Are we in for a Radio 4 return to form? After the expectation raised by the band’s DFA-produced 2002 album, Gotham!, the response to 2004’s Stealing of a Nation, the band’s first Astralwerks release, seemed like a huge let-down, over-produced and lacking backbone. The band’s new album, combatively titled Enemies Like This, unapologetically proffers the same Gang of Four-inspired dance-rock that has become par for the course for the group; trouble is, par for the course doesn’t really translate into anything very exciting.
But you’re saying, now that Primal Scream’s gone all country on us, we need someone to fill the void, right? You mean, after !!!, the Rapture, and a million other bands out of the woodwork, you haven’t had enough of this post-punk-dance-rock sound? Radio 4’s thing has always been that they’re political, you know, stand for something more than love songs and ‘tude. But all this insistence on highlighting the band’s politics irks me because it’s not a natural counterpart to this music. Marrying up-beat percussion, driving guitars, and occasional dub-inspired rhythms with messages about the Iraq war or the gentrification of Brooklyn is not something that makes the band special. When we’re listening to songs like this, most of the time the political messages get buried by the music anyway.
If they’re not really adding anything new to the Clash/Gang of Four sound, at least Radio 4 is doing it with conviction. By this point in their career, the band knows what works and follows the formula tenaciously. “Everything’s in Question” introduces some different, dub-inspired sounds and rippling electronics that come as a welcome change to the straight-ahead dance-rock of the album’s first half. “Too Much to Ask For” reminds me of the Infadels, who are making this same sound right now, too—while “Love Like Semtex” is the far better song, “Everything’s in Question” does a nice job of building complexity, adding guitar lines of fuzzy distortion, which are never overpowering and always in the service of the song’s upbeat, hip feel. Elsewhere, complex percussion holds the listener’s attention: on “This Is Not a Test”, the samba drums stutter and hold, refusing to lapse into mind-numbing 4/4.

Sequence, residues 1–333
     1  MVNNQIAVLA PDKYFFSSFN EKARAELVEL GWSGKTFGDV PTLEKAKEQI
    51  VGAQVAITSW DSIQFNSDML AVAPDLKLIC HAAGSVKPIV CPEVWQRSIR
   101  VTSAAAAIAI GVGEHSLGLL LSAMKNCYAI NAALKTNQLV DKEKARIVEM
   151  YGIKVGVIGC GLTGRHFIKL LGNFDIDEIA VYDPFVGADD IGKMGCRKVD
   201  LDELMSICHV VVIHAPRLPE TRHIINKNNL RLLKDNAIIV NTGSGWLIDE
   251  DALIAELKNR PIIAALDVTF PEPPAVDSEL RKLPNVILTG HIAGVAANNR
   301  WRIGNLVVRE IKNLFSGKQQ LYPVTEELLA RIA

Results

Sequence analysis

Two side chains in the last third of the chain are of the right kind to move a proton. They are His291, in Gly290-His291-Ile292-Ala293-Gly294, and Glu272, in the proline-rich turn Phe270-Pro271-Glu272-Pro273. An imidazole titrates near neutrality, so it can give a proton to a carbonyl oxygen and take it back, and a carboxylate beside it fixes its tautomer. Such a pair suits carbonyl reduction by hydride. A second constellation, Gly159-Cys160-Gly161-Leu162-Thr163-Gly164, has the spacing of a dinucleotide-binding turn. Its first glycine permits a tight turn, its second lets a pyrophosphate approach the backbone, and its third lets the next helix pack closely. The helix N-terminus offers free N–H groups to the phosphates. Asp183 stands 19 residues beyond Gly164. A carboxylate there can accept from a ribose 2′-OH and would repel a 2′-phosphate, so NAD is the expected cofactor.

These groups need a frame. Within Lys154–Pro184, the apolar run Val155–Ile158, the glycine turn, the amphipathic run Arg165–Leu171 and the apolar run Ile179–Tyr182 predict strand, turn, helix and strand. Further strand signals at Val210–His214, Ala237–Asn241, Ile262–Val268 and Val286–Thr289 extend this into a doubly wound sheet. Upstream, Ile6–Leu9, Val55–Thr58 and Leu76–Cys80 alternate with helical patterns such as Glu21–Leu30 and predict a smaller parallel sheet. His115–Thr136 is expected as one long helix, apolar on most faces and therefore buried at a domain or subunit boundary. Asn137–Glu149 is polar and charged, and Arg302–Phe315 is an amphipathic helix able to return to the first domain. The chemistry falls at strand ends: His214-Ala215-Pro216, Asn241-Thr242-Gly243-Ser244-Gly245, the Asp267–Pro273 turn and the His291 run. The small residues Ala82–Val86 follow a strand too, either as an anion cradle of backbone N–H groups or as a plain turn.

But they don’t always have the musical wherewithal to pull the album through as a whole. On “Packing Things Up on the Scene” Anthony Roman’s vocals wander around aimlessly without finding a convincing melody. Likewise, “Grass Is Greener” is too static—nothing changes between the verse and the chorus, and while Paul Simon showed us this kind of perpetual motion can be addictive, without musical innovation the song just goes nowhere. And the reggae-inspired “Ascension Street” seems more like an obligatory inclusion, the ‘reggae number’, than anything with any real commitment to the genre.
Radio 4 style themselves as a New York band: their songs are often about the city, and even their press photos are characteristically young NYC, taken in The East Side Company, an unobtrusive bar in the Lower East Side that serves this mean drink with a cucumber and gin in it. But that drink’s essentially British, and the truth is so is that sound Radio 4 apes so well. Though they claim the title of quintessential New York rock, Radio 4 has none of the continually sprinting-forward attitude that makes New York what it is. And if they keep churning out this polished but slightly flat post-punk sound, they may quickly slide away into insignificance.
Radio 4 - Enemies Like This
// Sound Affects
"The man whose songs were recorded by Johnny Cash, Alan Jackson, Ricky Skaggs, David Allan Coe, The Highwaymen, and countless others succumbs to time’s cruel cue that the only token of permanence we have to offer are the effects of shared moments and memories.READ the article